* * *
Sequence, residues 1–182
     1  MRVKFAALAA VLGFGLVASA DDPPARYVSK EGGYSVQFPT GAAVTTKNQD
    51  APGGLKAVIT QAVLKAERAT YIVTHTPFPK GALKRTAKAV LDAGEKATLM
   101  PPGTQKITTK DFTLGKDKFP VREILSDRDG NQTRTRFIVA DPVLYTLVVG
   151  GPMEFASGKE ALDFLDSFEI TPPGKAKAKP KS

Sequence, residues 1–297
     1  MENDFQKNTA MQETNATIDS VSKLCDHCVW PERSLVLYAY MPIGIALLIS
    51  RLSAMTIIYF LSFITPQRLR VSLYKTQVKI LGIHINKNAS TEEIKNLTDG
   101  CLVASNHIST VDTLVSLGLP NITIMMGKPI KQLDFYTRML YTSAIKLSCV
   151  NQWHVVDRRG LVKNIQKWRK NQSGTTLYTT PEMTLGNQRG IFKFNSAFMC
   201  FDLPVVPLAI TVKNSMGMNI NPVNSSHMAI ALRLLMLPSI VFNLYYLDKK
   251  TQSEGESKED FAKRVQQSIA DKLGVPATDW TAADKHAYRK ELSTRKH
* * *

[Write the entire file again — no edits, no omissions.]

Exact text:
Sequence, residues 1–182
     1  MRVKFAALAA VLGFGLVASA DDPPARYVSK EGGYSVQFPT GAAVTTKNQD
    51  APGGLKAVIT QAVLKAERAT YIVTHTPFPK GALKRTAKAV LDAGEKATLM
   101  PPGTQKITTK DFTLGKDKFP VREILSDRDG NQTRTRFIVA DPVLYTLVVG
   151  GPMEFASGKE ALDFLDSFEI TPPGKAKAKP KS

Sequence, residues 1–297
     1  MENDFQKNTA MQETNATIDS VSKLCDHCVW PERSLVLYAY MPIGIALLIS
    51  RLSAMTIIYF LSFITPQRLR VSLYKTQVKI LGIHINKNAS TEEIKNLTDG
   101  CLVASNHIST VDTLVSLGLP NITIMMGKPI KQLDFYTRML YTSAIKLSCV
   151  NQWHVVDRRG LVKNIQKWRK NQSGTTLYTT PEMTLGNQRG IFKFNSAFMC
   201  FDLPVVPLAI TVKNSMGMNI NPVNSSHMAI ALRLLMLPSI VFNLYYLDKK
   251  TQSEGESKED FAKRVQQSIA DKLGVPATDW TAADKHAYRK ELSTRKH